A British Airways spokesman said: “Our colleagues are trained to advise our customers that they are required to check they meet the entry and testing requirements of the country they’re visiting. We also provide information in emails and on ba.com.
“While we don’t believe the issues raised in Which?’s three calls are representative of the hundreds of thousands we handle, we’ve reminded colleagues to keep referring customers to gov.uk to avoid unintentional confusion.”
An easyJet spokeswoman said: “We continually review the information we equip our agents with and provide them with ongoing and extensive training, and so we continue with this to ensure that agents are providing accurate and consistent advice to customers.
“However, we always remind customers that ultimately it is their responsibility to ensure they meet entry requirements and will continue to advise customers to check the local government requirements prior to departure.”
A Jet2 spokeswoman said: “Our contact centre teams are dealing with an unprecedented number of inquiries, whilst at the same time dealing with ever-changing travel advice from the UK Government, which often comes with little or no notice.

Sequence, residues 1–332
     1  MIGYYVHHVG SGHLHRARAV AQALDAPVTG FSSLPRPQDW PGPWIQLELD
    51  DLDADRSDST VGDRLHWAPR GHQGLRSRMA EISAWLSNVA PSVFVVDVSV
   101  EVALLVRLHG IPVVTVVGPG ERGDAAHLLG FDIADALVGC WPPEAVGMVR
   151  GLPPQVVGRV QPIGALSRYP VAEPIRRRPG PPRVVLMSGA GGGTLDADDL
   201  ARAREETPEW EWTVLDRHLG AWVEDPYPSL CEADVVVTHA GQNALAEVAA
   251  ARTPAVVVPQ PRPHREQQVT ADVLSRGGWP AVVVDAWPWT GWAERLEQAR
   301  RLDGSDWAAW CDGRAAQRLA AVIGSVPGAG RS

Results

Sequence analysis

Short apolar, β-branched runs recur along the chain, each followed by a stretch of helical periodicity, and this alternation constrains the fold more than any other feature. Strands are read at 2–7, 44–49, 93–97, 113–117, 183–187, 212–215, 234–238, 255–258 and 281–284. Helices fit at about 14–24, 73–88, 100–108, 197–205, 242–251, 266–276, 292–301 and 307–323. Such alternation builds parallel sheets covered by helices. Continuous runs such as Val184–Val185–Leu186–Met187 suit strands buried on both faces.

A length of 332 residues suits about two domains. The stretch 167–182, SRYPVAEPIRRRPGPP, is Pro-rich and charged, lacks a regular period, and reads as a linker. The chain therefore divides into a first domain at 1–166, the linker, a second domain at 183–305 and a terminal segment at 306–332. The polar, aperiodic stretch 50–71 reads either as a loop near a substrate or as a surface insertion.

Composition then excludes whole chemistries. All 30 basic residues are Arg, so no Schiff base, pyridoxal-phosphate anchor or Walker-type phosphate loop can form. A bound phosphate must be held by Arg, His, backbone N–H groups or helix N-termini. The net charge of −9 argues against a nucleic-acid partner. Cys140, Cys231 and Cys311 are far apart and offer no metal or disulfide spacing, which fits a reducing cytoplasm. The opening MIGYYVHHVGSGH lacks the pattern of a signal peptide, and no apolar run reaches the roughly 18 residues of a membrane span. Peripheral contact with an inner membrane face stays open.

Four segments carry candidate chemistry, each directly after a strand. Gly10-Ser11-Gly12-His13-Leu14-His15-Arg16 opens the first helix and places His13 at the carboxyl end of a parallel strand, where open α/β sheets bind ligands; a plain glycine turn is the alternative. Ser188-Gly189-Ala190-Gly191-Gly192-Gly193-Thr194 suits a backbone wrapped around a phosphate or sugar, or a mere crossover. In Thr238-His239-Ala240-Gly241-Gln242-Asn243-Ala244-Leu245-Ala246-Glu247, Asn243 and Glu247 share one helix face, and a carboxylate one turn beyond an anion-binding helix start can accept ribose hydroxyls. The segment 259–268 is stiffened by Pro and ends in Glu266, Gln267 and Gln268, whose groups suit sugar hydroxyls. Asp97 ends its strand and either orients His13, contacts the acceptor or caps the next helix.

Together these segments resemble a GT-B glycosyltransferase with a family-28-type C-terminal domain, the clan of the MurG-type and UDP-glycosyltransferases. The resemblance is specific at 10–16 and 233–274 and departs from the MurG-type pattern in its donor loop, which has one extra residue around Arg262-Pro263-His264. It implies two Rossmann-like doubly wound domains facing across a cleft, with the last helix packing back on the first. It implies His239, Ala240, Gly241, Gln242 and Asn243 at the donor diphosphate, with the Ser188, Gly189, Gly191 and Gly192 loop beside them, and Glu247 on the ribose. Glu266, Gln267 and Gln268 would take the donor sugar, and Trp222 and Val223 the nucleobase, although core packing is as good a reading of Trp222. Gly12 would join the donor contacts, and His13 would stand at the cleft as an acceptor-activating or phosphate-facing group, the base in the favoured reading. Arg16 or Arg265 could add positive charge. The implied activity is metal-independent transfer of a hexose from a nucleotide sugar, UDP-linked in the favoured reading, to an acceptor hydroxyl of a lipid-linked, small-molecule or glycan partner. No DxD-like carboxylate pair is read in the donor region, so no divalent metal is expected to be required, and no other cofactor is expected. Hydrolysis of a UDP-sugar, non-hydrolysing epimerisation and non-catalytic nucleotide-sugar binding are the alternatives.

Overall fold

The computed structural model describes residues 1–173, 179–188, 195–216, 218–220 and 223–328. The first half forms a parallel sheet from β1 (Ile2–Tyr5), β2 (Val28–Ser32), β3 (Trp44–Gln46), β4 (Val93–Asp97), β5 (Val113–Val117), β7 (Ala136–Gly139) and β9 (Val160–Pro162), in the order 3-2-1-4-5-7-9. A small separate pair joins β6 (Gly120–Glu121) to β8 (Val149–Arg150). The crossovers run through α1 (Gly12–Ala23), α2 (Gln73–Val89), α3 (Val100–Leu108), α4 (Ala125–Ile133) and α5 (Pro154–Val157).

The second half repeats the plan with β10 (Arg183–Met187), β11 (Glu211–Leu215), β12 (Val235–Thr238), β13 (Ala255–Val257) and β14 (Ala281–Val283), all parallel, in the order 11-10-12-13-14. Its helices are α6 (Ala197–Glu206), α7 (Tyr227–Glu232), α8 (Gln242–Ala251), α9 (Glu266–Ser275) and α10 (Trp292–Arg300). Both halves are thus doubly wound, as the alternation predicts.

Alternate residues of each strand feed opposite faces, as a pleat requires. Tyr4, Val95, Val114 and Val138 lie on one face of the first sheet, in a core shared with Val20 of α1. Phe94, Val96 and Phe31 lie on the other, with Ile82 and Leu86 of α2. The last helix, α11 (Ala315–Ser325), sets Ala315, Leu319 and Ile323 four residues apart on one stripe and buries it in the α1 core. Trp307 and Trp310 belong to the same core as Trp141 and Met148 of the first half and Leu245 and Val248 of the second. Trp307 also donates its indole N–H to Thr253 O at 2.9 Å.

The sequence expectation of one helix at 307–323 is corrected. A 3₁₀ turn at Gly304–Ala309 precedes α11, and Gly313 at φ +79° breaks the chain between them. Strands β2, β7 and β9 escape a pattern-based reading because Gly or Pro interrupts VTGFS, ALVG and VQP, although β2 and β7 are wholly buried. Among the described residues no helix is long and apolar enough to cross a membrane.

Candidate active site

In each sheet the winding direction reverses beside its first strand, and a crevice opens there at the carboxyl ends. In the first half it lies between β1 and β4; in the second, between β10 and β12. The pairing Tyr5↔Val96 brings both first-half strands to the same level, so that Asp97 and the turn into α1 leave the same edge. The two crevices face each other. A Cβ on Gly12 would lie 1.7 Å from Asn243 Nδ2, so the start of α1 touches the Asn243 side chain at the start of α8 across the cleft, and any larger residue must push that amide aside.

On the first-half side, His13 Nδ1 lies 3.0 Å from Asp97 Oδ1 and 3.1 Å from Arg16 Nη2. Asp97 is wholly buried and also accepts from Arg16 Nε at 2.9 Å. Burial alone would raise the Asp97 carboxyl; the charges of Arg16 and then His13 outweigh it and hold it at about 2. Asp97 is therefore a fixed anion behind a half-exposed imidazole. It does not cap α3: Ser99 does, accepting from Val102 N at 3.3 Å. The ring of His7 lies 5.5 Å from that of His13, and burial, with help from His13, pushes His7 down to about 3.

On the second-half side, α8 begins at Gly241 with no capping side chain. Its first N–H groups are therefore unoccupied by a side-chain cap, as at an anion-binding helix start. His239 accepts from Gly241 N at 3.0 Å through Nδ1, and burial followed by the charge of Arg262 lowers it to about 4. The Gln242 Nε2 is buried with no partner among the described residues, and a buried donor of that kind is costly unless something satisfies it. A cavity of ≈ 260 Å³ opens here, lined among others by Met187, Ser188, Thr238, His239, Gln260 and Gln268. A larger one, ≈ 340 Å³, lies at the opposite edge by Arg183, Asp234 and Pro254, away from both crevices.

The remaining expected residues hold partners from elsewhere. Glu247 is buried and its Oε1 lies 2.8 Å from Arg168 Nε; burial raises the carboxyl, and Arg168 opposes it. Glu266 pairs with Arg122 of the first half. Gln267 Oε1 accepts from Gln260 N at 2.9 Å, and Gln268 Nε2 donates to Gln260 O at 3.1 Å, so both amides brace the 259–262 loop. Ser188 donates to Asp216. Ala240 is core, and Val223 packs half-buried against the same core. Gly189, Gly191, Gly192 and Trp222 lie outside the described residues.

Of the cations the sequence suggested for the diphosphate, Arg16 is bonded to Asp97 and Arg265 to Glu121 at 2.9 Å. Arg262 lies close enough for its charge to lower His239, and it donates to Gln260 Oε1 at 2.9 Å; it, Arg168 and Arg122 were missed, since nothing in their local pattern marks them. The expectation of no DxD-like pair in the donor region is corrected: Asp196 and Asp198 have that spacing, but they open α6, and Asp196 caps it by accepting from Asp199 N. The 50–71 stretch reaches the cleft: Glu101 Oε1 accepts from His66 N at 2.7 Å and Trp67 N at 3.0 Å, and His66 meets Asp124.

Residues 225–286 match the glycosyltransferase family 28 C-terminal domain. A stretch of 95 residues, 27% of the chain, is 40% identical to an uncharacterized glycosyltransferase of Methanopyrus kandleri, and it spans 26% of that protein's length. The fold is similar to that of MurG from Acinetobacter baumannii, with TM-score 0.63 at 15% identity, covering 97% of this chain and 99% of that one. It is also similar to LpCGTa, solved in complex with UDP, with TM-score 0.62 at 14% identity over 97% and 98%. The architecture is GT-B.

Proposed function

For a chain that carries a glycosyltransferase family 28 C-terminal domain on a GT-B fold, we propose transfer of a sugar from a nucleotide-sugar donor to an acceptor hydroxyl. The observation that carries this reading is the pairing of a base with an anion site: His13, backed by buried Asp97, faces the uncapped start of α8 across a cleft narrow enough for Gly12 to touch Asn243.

“We would like to thank Which? for bringing this to our attention. Although we provide consistent messaging for our teams to use, alongside regular training, we will take steps to address this feedback.”
A Ryanair spokesman said: “This is more fake news from Which? All Covid-19 travel requirements are fully set out on Ryanair’s website, and are emailed to all passengers 24 hours prior to travel. We do not expect our call centre agents to be experts on the multiple Covid travel restrictions, which apply across 40 different countries.”
Tui said: “This research highlights the complexity of frequently changing entry and testing requirements.
“We always strive to provide the best service possible for our customers, and our agents are trained and updated with new information on an ongoing basis.
“Extra training to support fight-only queries is being provided, and, to help customers further, detailed and current entry requirement information is available on our dedicated Covid hub.”